A bit of background: I became a Steve Coogan fan when I saw his freewheeling performance in Michael Winterbottom’s 24 Hour Party People (2002), unaware that he made his name in the UK with a very funny character he created—named Alan Partridge—for a comedy TV show.
I wasn’t aware of Rob Brydon until I saw Winterbottom’s 2005 movie Tristram Shandy: A Cock and Bull Story, in which he and Coogan carry on a continual game of one-upmanship, mostly about their careers. I didn’t need a primer to figure out that this was based, to some degree, on their real-life relationship, and enjoyed their barbed banter.
Now Coogan and Brydon have teamed up again, under Winterbottom’s direction, for an unusual and highly amusing road movie (adapted from a British TV miniseries) called The Trip. The premise is that Coogan has been asked to—
—write a restaurant column, but his plans for a sojourn through the North of England are thrown asunder when his girlfriend decides that she needs a break from the relationship and travels to America. That’s when Coogan reluctantly invites Brydon to be his traveling companion as they tour the country and visit some of its most prestigious restaurants.
The resulting film consists of sumptuous meals, a bit of travelogue, and constant conversation, with the friendly rivals trying to outdo each other’s mimicry (wait till you hear the dueling Michael Caines) and occasionally comparing notes on their lives (Coogan is a divorced dad, Brydon a happily married new father) and careers. It’s hilarious, bittersweet, and thoughtful. How much of it is true I cannot say, though I reckon it’s an exaggeration of reality if not a complete fabrication.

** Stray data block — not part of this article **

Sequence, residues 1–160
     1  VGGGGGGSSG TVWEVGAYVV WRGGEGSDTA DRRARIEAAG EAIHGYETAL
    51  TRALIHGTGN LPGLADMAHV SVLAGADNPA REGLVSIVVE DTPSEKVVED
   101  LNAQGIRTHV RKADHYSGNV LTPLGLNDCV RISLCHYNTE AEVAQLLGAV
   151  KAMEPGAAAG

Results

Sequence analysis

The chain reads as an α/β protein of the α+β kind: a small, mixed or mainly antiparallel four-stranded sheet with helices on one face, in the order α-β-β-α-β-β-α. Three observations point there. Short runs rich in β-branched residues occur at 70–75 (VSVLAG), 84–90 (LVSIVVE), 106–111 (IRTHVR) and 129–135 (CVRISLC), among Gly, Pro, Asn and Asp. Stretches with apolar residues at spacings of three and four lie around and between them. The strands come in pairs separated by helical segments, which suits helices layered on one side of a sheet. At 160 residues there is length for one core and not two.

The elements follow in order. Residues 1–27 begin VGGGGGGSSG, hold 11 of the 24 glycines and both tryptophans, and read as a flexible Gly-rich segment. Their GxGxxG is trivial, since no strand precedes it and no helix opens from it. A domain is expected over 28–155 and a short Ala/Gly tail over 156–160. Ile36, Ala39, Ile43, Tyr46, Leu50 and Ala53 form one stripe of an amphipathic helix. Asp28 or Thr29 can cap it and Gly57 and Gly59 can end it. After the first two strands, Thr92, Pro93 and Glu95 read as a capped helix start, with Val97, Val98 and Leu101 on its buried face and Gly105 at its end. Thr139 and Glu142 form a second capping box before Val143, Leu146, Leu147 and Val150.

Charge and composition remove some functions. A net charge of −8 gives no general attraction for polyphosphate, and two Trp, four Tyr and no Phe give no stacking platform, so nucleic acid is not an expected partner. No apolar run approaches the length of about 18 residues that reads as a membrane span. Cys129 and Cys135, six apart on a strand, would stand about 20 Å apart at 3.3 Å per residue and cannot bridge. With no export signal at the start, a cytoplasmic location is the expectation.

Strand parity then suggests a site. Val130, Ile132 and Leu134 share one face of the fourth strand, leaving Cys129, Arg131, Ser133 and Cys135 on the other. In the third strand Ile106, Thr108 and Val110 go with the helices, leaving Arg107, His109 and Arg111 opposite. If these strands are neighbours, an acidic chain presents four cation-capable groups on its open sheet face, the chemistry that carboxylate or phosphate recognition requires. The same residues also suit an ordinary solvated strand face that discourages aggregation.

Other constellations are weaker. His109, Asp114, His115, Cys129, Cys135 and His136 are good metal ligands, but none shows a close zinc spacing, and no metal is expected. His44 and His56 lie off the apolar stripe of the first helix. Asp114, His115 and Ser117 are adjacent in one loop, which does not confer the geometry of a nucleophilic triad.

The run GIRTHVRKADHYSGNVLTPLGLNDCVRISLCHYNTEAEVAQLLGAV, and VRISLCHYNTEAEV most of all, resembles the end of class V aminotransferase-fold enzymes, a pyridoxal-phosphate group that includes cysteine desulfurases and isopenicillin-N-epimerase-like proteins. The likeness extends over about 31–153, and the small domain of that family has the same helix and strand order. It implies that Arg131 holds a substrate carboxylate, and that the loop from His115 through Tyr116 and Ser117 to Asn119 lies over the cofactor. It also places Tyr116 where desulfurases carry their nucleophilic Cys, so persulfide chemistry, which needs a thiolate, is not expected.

I went into the film with a residual fondness for its two stars, who improvised most of their dialogue, so I can’t predict how someone who’s never been exposed to them will respond. But if you’re at all an Anglophile, or have a taste for show business chatter, I think you’re on the right track.
Just one word of warning: don’t go hungry. The meals look absolutely incredible.
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